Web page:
Carbon fiber, Alcantara and leather were once the luxury materials for the car interior. But now it’s time for plants.
“Fifty years ago, a leather sofa was the height of luxury,” says Massimo Frascella, creative director of Land Rover. “Now you would never see anything like that in the best hotels and houses. The same process is ongoing in 2019 with cars. Sustainable design has the future in the field of car design.”
Frascella was in Manhattan last month during the New York auto show to unveil Land Rover’s new line of leather-free, fully plant-based materials. The line has been developed for the interiors of the Range Rover Evoque, Range Rover Velar and Jaguar I-Pace. “There is a growing number of people who are concerned about the origin of the textiles and materials in their vehicle,” said the vegan Frascella.
The new interiors are intended to lure consumers for whom the highest form of luxury does not conflict with their environmentally-friendly beliefs. For example, there is a Eucalyptus Melange. This textile is made from eucalyptus fibers. Considerably less water is required for its production than for manufacturing traditional materials such as plastic and Alcantara. Land Rover also uses a sustainable wool blend from textile company Kvadrat, which feels like a soft woolen sweater.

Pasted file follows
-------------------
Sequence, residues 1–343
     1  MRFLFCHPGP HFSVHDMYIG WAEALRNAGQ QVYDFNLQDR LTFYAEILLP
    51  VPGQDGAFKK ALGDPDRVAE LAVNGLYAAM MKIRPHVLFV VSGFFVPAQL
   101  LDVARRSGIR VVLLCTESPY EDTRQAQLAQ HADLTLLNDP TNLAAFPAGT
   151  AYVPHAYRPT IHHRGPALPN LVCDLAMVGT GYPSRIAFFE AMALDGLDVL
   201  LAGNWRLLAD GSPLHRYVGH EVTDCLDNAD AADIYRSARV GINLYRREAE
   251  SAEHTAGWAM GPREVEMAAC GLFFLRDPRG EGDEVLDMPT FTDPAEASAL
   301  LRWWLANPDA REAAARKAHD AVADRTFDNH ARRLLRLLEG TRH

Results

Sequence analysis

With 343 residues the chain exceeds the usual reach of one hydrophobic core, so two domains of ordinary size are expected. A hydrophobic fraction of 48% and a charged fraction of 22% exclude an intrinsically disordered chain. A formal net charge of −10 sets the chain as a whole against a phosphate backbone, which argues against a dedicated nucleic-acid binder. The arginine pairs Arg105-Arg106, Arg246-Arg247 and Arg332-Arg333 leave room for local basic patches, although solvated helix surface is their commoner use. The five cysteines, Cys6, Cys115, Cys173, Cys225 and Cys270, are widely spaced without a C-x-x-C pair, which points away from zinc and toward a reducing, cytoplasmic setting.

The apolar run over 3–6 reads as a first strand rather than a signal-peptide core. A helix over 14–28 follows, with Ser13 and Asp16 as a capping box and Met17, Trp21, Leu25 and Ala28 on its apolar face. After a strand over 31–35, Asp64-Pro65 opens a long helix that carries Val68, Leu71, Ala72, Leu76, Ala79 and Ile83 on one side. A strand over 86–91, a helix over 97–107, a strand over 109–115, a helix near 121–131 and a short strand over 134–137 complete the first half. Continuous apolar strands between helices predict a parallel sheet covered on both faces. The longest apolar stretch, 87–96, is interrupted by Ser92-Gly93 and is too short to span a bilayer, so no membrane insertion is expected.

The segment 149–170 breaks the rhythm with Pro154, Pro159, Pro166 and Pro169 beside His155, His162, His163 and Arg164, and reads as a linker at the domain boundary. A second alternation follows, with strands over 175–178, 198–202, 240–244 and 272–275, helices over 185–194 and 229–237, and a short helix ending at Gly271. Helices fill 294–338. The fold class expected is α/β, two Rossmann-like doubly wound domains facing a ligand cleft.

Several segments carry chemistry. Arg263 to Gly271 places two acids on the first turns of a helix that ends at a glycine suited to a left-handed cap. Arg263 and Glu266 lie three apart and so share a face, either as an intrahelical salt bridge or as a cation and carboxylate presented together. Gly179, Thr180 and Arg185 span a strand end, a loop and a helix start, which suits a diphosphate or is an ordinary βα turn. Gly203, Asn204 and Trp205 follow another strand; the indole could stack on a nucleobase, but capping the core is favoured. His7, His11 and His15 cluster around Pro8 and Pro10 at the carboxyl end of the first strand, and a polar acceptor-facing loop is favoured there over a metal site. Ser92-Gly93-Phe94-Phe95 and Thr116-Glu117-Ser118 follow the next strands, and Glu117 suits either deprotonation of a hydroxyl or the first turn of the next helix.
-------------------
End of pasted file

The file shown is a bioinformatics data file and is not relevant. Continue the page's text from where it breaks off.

Other car manufacturers also add eco-conscious options to the interior. From 2025, Volvo wants at least a quarter of the plastics used in each new model to be made from recycled materials. Today that is around five percent. In February, Volvo subsidiary Polestar already announced that its first volume model, the Polestar 2, would have a completely plant-based interior.
Toyota, on the other hand, makes seat cushions with glycol from renewable sugar cane and Ford developed soya bean foam. Luxury brands are fully committed to this trend. “This is a global trend that will continue to grow enormously in the coming years,” said Filip Brabec, Audi’s vice president for product management. “It has to do with the fact that consumers are increasingly aware of the environment and how and what we consume.”
Audi has also developed sustainable materials for its electric vehicles. The seats of the Q4 e-Tron SUV are made from recycled plastic and the e-Tron GT offers an interior option of synthetic leather and recycled microfibers. No animal materials were used in the entire car. Synthetic leather alone will form a 45 billion dollar industry by 2025, according to research firm Grand View Research. Now only Bentley has to participate. They still process 14 cowhides in an interior.